注意事項： 1. 本文內容整理至 Apache Maven 2. 內容僅供參考
- What is Apache Maven
- Installing Apache Maven
- What is Archetype?
- Creating a Project with Maven
- Building a Project with Maven
- Standard Directory Layout
- What is a POM?
- What is Build Lifecycle?
- Running Apache Maven
- Feature Summary
What is Apache Maven
The result is a tool that can now be used for building and managing any Java-based project. We hope that we have created something that will make the day-to-day work of Java developers easier and generally help with the comprehension of any Java-based project.
Installing Apache Maven
The installation of Apache Maven is a simple process of extracting the archive and adding the
binfolder with the
mvncommand to the
Detailed steps are:
JAVA_HOMEenvironment variable is set and points to your JDK installation
- Extract distribution archive in any directory
$ unzip apache-maven-3.3.9-bin.zip
$ tar xzvf apache-maven-3.3.9-bin.tar.gz
Alternatively use your preferred archive extraction tool.
- Add the
bindirectory of the created directory
- Confirm with
mvn -vin a new shell. The result should look similar to
Apache Maven 3.3.3 (7994120775791599e205a5524ec3e0dfe41d4a06; 2015-04-22T04:57:37-07:00) Maven home: /opt/apache-maven-3.3.3 Java version: 1.8.0_45, vendor: Oracle Corporation Java home: /Library/Java/JavaVirtualMachines/jdk1.8.0_45.jdk/Contents/Home/jre Default locale: en_US, platform encoding: UTF-8 OS name: "mac os x", version: "10.8.5", arch: "x86_64", family: "mac"
What is Archetype?
In short, Archetype is a Maven project templating toolkit. An archetype is defined as an original pattern or model from which all other things of the same kind are made. The name fits as we are trying to provide a system that provides a consistent means of generating Maven projects. Archetype will help authors create Maven project templates for users, and provides users with the means to generate parameterized versions of those project templates.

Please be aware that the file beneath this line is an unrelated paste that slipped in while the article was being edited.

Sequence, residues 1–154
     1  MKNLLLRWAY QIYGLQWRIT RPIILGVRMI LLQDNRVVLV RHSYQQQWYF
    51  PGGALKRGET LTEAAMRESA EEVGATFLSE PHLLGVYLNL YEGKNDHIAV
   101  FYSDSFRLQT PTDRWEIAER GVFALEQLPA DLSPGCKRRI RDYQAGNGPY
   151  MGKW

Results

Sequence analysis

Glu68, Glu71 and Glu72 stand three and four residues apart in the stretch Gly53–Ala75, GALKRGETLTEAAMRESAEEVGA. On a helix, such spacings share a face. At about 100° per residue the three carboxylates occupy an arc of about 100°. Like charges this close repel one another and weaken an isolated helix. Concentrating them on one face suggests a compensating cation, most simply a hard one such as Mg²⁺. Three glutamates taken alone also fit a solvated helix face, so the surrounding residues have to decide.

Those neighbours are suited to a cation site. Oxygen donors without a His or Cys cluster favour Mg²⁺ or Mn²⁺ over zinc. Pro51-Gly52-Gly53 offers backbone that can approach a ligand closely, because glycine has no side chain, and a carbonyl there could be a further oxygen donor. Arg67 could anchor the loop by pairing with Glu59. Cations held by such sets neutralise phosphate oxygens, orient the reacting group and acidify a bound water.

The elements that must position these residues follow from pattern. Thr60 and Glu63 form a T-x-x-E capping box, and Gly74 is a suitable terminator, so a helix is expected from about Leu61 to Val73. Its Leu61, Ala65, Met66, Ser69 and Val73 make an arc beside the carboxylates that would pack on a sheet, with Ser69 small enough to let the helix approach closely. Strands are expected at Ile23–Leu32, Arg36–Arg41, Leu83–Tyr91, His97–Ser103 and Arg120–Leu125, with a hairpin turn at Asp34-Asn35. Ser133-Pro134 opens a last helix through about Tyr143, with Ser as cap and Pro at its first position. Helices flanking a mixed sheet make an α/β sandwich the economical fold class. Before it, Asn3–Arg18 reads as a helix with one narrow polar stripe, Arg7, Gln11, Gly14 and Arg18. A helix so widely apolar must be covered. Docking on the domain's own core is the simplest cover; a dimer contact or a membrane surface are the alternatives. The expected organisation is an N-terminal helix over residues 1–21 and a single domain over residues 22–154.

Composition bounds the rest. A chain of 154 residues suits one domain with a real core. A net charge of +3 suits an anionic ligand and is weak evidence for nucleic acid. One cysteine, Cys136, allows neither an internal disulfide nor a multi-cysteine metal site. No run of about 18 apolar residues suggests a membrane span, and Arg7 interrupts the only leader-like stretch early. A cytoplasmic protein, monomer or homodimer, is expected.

Using archetypes provides a great way to enable developers quickly in a way consistent with best practices employed by your project or organization. Within the Maven project, we use archetypes to try and get our users up and running as quickly as possible by providing a sample project that demonstrates many of the features of Maven, while introducing new users to the best practices employed by Maven. In a matter of seconds, a new user can have a working Maven project to use as a jumping board for investigating more of the features in Maven. We have also tried to make the Archetype mechanism additive, and by that we mean allowing portions of a project to be captured in an archetype so that pieces or aspects of a project can be added to existing projects. A good example of this is the Maven site archetype. If, for example, you have used the quick start archetype to generate a working project, you can then quickly create a site for that project by using the site archetype within that existing project. You can do anything like this with archetypes.
You may want to standardize J2EE development within your organization, so you may want to provide archetypes for EJBs, or WARs, or for your web services. Once these archetypes are created and deployed in your organization's repository, they are available for use by all developers within your organization.
Using an Archetype
To create a new project based on an Archetype, you need to call mvn
archetype:generategoal, like the following:
$ mvn archetype:generate
Please refer to Archetype Plugin page.